This self-draining capability makes SOT kayaks particularly suitable for rough conditions; for example, they can be launched through the surf without fear of being swamped. In the event of a capsize it is not too difficult to clamber back on board and continue paddling, with no specialised skills such as Eskimo rolling needed.

This ease of getting on and off is great for launching and landing but also makes crossing shallow sandbanks a breeze as you can jump off and drag the Kayak into deeper water before re-boarding.

SOT kayaks are commonly designed for recreational purposes and are therefore made wide enough to provide good primary stability and short enough to be easy to manoeuvre. However, first-time paddlers often choose a kayak that is too stable and compromise on speed and manoeuvrability.

Remember when you first learnt to ride a bicycle? It was impossible to balance and it seemed like you always fell off, but it soon became second nature. The disadvantages of overly stable kayaks are that they are slower, require more effort to paddle, and, in the event of capsize, are more difficult to right. A kayak may at first seem too easy to tip, but after paddling it a few times you’ll soon feel right at home.

There are a number of SOT kayaks that have been tried and proven by kayak anglers: the Perception Swing, Ocean Kayaks Prowler, Ocean Kayaks Scupper Pro TW and the new Wilderness Systems Tarpon 160i, which is only just making it to our shores.

The Perception Swing at 4m long, 76cm wide and weighing 24kg, with the addition of rod holders and other accessories, has become one of the most popular SOT kayaks used for fishing.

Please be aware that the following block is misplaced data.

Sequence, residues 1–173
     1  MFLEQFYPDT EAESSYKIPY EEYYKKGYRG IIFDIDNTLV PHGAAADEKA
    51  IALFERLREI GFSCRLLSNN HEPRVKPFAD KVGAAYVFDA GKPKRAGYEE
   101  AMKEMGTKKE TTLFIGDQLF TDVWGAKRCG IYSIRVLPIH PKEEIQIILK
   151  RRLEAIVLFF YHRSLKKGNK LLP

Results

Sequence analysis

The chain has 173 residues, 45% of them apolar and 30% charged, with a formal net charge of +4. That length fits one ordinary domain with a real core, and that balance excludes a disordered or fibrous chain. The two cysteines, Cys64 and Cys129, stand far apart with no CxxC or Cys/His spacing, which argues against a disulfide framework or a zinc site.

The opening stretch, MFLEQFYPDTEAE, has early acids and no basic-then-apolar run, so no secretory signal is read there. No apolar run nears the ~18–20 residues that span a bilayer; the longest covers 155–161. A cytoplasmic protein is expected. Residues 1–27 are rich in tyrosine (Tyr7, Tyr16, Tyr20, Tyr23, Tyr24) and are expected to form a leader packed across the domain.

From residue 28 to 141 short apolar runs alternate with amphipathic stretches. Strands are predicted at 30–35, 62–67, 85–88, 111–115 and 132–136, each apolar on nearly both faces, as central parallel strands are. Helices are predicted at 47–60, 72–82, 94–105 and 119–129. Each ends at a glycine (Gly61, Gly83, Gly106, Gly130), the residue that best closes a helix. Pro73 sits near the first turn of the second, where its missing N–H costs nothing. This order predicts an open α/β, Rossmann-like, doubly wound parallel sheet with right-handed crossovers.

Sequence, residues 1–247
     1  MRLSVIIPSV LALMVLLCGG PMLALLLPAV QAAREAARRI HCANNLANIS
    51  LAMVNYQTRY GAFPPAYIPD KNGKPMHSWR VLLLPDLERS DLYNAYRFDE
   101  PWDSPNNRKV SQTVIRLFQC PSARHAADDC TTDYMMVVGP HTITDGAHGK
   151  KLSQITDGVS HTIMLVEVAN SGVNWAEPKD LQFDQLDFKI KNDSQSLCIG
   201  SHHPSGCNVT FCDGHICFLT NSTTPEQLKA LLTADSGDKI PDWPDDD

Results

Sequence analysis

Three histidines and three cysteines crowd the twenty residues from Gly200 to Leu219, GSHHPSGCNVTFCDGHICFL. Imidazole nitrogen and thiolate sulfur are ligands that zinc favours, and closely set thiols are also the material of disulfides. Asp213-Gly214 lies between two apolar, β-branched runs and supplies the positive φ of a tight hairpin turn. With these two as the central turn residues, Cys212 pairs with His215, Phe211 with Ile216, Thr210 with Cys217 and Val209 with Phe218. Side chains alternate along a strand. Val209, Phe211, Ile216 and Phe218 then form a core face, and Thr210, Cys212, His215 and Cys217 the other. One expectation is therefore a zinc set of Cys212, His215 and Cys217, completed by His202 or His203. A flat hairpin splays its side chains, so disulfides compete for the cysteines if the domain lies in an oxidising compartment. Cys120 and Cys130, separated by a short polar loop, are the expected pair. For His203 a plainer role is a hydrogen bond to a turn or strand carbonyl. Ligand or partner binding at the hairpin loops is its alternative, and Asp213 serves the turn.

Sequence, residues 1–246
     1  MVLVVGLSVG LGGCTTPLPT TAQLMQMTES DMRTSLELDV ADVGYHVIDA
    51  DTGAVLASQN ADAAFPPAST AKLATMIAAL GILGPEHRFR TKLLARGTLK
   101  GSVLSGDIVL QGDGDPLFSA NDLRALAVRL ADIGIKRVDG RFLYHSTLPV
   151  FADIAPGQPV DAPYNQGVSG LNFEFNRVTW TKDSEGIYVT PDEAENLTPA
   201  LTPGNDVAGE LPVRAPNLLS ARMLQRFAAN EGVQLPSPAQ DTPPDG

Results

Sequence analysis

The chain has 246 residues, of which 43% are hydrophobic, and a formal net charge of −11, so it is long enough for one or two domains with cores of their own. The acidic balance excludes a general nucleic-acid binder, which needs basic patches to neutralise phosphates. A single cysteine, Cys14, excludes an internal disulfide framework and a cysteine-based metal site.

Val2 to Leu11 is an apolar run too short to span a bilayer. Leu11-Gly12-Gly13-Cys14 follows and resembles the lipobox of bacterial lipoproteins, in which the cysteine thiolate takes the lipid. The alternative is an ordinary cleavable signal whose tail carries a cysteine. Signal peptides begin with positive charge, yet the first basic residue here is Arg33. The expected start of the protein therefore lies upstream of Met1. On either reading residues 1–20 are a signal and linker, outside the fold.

Choose your Fishing Kayak carefully

If it floats you can fish from it, but some kayaks are more suited to fishing than others. Kayaks of around 3m in length, while fun in white-water, the surf or for a short paddle on smooth water, can suffer from limited storage space, limited fit-out options, low carrying capacity and poor tracking. Once you start looking at kayaks around 4m, you are getting into models that can offer serious fishability.

Before rushing out to buy a fishing kayak it is a good idea to do a lot of research as well as test paddles of several brands to decide what style of craft will best suit your needs. Whether the traditional SIK or the more versatile SOT kayak appeals to you, be sure to visit several dealers and check the internet to get feedback from existing owners of similar craft.

Think seriously about the type of fishing you want to do then take a look at what people who are a similar size and weight to you are using for particular purposes. An excellent starting point to gather such information and to link to a good selection of related sites and discussion forums is the local website Kayak Fishing in South East Queensland (http://members.optusnet.com.au/aus-kayak-fishing/index.html) which is a non-commercial site edited by local kayak fishing identity Tony Smith, who has also kindly contributed a lot of the information used in this article.

If you currently are a shore-based angler or are tired of boat ramp hassles and soaring fuel prices, then do your research well on the kayak fishing concept and hopefully we will see you out on the water before the warmer weather arrives, enjoying your fishing more than you ever thought possible, and most likely improving your fitness level at the same time.

And don’t ever think that you’re too young or too old to get involved in kayak fishing, as this exciting sport seems to attract as many retirees as it does teenagers!